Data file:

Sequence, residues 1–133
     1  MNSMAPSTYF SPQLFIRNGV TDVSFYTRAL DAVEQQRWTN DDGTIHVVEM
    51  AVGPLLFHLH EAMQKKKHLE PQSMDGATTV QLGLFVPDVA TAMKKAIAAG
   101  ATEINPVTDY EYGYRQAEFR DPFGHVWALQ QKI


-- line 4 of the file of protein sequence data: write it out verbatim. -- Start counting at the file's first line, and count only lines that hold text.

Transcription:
   101  ATEINPVTDY EYGYRQAEFR DPFGHVWALQ QKI